The human brain’s ability to perceive space expands like the universe
[Jan. 7, 2023: Daegan Miller, University of Massachusetts Amherst]
Fluid intelligence is thought to be a key feature involved in “active thinking” - a set of complex mental processes such as those involved in abstraction. (Credit: Creative Commons)
Young children sometimes believe that the moon is following them, or that they can reach out and touch it. It appears to be much closer than is proportional to its true distance. As we move about our daily lives, we tend to think that we navigate space in a linear way.
Daily experience suggests that we perceive distances near us linearly. However, the actual geometry of spatial representation in the brain is unknown. But Salk scientists have discovered that time spent exploring an environment causes neural representations to grow in surprising ways.
The findings, published in Nature Neuroscience show that neurons in the hippocampus essential for spatial navigation, memory, and planning represent space in a manner that conforms to a nonlinear hyperbolic geometry—a three-dimensional expanse that grows outward exponentially. (In other words, it’s shaped like the interior of an expanding hourglass.)
The researchers also found that the size of that space grows with time spent in a place. And the size is increasing in a logarithmic fashion that matches the maximal possible increase in information being processed by the brain.
This discovery provides valuable methods for analyzing data on neurocognitive disorders involving learning and memory, such as Alzheimer’s disease.
“Our study demonstrates that the brain does not always act in a linear manner. Instead, neural networks function along an expanding curve, which can be analyzed and understood using hyperbolic geometry and information theory,” says Salk Professor Tatyana Sharpee, holder of the Edwin K. Hunter Chair, who led the study.
“It is exciting to see that neural responses in this area of the brain formed a map that expanded with experience based on the amount of time devoted in a given place. The effect even held for miniscule deviations in time when animal ran more slowly or faster through the environment” she continued.
New experiences are absorbed into neural representations over time, symbolized here by a hyperboloid hourglass. (CREDIT: Salk Institute)
Sharpee’s lab uses advanced computational approaches to better understand how the brain works. They recently pioneered the use of hyperbolic geometry to better understand biological signals like smell molecules, as well as the perception of smell.
In the current study, the scientists found that hyperbolic geometry guides neural responses as well. Hyperbolic maps of sensory molecules and events are perceived with hyperbolic neural maps.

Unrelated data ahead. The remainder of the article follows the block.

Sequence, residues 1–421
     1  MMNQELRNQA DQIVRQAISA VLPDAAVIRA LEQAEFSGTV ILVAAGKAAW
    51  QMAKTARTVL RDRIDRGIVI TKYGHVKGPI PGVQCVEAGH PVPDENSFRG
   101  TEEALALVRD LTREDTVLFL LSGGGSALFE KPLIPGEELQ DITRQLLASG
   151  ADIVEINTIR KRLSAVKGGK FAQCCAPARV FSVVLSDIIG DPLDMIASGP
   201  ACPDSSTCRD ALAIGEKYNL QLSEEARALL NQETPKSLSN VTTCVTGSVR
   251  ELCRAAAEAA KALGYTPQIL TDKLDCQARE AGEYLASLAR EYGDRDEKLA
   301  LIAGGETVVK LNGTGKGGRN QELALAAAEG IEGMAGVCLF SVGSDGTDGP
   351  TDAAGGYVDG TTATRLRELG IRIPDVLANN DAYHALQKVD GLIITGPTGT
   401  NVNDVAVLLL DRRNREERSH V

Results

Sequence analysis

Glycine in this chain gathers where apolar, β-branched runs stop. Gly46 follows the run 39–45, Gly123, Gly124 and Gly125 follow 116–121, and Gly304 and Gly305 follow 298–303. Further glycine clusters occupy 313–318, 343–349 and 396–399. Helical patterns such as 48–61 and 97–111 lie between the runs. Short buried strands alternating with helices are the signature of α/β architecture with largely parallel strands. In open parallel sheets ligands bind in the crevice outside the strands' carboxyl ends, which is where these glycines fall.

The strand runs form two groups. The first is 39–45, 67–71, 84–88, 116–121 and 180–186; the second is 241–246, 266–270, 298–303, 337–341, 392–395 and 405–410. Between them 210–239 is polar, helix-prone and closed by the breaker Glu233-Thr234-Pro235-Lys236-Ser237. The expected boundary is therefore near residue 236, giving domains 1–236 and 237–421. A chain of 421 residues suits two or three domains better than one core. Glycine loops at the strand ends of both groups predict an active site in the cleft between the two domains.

Construction of hierarchical organization of place cell responses that reflects underlying hyperbolic geometry. (CREDIT: Nature Neuroscience)
The space representations dynamically expanded in correlation with the amount of time the rat spent exploring each environment. And, when a rat moved more slowly through an environment, it gained more information about the space, which caused the neural representations to grow even more.
“The findings provide a novel perspective on how neural representations can be altered with experience,” says Huanqiu Zhang, a graduate student in Sharpee’s lab. “The geometric principles identified in our study can also guide future endeavors in understanding neural activity in various brain systems.”
From left: Huanqiu Zhang and Tatyana Sharpee. (CREDIT: Salk Institute)
“You would think that hyperbolic geometry only applies on a cosmic scale, but that is not true,” says Sharpee. “Our brains work much slower than the speed of light, which could be a reason that hyperbolic effects are observed on graspable spaces instead of astronomical ones. Next, we would like to learn more about how these dynamic hyperbolic representations in the brain grow, interact, and communicate with one another.”
Other authors include P. Dylan Rich of Princeton University and Albert K. Lee of the Janelia Research Campus at the Howard Hughes Medical Institute.
The research was supported by an AHA-Allen Initiative in Brain Health and Cognitive Impairment award made jointly through the American Heart Association and the Paul G. Allen Frontiers Group (19PABH134610000), the Dorsett Brown Foundation, the Mary K. Chapman Foundation, an Aginsky Fellowship, the National Science Foundation (IIS-1724421), the National Science Foundation Next Generation Networks for Neuroscience Program (Award 2014217), the National Institutes of Health (U19NS112959 and P30AG068635), and the Howard Hughes Medical Institute.
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Note: Materials provided above by University of Massachusetts Amherst. Content may be edited for style and length.
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